'Bringing suicide into the light is part of Cameron's legacy'

Professor John Gibson and wife Isobel will walk the length of the UK in memory of his son Cameron, who took his own life.

Former Aberdeen University professor John Gibson takes on charity walk from Lands End to John O’Groats Email
Professor John Gibson (left) and his wife, Isobel, will be joined by family friend John Gallacher on the walk.

The parents of a man who lost his life to suicide will walk from Land’s End to John O’Groats to raise awareness of the impact it can have on families.

Professor John Gibson and wife Isobel lost their son Cameron in October, 2019.

Following his death, they set up a charity, the Canmore Trust, which aims to create safe spaces for lives impacted by suicide.

They are now set to walk the length of the UK and hope to raise £250,000 for the charity.

The couple will be joined by family friend John Gallacher on the challenge, which also sets out to open up a national conversation about suicide and suicide prevention.

It will use the hashtag, #onemanwalkingamilliontalking to help encourage conversation, as well as providing updates on their journey.

The challenge is expected to take until the end of August, with the first stage seeing them tackle the South West Coastal Path.

They will then travel along the Welsh border into the Peak District and through the Pennines before reaching Scotland.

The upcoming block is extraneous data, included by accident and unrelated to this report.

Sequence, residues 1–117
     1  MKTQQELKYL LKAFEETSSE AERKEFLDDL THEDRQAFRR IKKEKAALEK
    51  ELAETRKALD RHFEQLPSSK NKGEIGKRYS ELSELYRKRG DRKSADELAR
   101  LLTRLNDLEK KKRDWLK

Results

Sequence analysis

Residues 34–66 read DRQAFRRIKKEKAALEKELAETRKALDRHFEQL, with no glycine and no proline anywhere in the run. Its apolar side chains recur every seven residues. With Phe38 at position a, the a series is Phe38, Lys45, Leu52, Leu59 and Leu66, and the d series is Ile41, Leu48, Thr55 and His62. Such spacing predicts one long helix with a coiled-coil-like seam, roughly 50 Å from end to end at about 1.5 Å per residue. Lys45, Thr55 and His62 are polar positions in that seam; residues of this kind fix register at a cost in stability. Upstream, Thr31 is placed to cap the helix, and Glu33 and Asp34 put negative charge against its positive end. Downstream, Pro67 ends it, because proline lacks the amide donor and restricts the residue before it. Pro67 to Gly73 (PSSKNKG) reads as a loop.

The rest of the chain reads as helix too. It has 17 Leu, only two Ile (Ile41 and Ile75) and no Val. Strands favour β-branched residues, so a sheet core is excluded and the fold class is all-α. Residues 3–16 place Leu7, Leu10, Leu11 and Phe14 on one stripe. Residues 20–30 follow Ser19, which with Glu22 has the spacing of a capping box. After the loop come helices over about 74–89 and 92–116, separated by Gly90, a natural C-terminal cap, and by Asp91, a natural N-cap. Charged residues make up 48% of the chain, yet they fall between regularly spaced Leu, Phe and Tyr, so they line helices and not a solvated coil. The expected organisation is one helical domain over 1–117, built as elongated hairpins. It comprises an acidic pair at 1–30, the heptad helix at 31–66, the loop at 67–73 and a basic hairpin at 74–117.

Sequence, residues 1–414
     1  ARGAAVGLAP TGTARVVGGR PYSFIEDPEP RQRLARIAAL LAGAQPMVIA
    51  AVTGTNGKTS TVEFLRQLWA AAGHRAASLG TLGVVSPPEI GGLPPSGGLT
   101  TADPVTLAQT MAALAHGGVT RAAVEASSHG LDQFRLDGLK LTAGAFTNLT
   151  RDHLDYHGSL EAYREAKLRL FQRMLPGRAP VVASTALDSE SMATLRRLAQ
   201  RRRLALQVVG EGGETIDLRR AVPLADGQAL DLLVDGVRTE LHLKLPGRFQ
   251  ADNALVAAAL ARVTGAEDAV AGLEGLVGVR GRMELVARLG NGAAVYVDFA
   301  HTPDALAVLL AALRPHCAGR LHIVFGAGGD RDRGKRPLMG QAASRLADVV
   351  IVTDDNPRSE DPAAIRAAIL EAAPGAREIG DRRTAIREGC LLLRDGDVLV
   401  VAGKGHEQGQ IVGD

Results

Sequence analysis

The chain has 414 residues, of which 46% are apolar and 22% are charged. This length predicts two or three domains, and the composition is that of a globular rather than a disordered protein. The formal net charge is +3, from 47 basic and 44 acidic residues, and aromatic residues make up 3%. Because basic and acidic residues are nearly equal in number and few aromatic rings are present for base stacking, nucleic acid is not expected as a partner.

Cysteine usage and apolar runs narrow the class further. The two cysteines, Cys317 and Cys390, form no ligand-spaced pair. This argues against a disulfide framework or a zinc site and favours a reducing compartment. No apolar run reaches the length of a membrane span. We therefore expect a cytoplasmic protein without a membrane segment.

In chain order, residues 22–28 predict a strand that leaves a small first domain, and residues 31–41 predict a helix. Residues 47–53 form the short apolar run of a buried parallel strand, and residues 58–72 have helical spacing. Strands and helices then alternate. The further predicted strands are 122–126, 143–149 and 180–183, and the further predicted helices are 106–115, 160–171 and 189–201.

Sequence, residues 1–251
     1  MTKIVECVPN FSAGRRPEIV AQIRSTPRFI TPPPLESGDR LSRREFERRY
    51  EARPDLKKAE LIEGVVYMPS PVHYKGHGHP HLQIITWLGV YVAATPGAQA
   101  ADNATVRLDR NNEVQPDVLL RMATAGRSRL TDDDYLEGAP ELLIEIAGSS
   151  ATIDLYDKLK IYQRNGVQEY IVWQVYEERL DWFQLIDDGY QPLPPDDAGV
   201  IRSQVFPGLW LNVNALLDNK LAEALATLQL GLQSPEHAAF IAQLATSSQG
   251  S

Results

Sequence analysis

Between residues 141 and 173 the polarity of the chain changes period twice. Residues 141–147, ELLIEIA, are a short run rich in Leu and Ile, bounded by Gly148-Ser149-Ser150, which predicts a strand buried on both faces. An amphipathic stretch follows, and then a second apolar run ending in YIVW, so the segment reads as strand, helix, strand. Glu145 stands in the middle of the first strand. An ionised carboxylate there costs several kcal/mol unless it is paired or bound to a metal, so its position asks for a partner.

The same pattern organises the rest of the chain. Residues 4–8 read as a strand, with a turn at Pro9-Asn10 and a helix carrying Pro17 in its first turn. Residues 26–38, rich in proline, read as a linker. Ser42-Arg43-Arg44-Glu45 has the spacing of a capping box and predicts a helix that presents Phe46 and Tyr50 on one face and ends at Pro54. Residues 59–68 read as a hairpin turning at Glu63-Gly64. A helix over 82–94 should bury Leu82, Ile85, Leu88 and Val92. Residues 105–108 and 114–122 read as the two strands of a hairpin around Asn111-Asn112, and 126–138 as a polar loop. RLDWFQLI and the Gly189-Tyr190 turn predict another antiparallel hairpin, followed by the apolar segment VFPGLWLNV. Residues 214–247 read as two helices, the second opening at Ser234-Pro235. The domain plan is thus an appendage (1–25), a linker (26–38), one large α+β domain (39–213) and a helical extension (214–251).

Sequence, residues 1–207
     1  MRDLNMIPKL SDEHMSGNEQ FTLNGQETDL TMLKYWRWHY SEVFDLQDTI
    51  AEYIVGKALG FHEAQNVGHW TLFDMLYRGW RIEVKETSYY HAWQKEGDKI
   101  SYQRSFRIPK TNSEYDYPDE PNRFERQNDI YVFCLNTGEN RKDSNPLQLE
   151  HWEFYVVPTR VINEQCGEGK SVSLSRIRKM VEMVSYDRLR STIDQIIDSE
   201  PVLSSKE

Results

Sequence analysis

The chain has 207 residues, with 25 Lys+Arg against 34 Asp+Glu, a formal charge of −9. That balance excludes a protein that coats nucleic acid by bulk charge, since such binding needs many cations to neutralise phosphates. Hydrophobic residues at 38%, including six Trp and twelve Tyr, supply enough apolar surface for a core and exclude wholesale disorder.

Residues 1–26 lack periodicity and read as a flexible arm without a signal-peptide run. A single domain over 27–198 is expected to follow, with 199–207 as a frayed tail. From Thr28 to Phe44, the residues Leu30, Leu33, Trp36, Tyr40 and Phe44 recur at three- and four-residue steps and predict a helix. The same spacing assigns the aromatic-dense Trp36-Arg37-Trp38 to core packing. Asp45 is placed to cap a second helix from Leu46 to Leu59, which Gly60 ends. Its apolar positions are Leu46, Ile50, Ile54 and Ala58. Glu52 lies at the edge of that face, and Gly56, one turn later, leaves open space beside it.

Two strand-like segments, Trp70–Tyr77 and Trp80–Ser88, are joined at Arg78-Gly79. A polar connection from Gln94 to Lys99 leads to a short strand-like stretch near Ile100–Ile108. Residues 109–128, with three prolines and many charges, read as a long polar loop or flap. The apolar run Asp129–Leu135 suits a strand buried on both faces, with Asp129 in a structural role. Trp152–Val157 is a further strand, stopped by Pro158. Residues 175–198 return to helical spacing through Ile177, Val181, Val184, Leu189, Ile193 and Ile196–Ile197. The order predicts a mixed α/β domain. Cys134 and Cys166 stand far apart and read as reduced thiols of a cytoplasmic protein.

The trio plan to reach John O’Groats on Saturday, August 27, having left Land’s End on June 13.

Mr Gibson retired from his post as director at the University of Aberdeen’s Institute of Dentistry shortly after Cameron’s death.

Staff and students from the university will also be involved in the venture, with events aimed at raising donations for the charity.

“It means a huge amount to Isobel and I to be undertaking this 1,200-mile adventure – which has been in the planning for over a year now but was frequently thwarted by Covid and lockdowns,” Mr Gibson said.

“Walking in the great outdoors has been a significant part of trying to recover from Cameron’s death in October 2019, and that’s why we are now combining walking with opening up a national conversation about suicide and suicide prevention.

“We have already had some very meaningful conversations with many people as we walk – so many families, communities and workplaces have been affected by suicide and opening up the conversation and bringing suicide into the light is part of Cameron’s legacy.”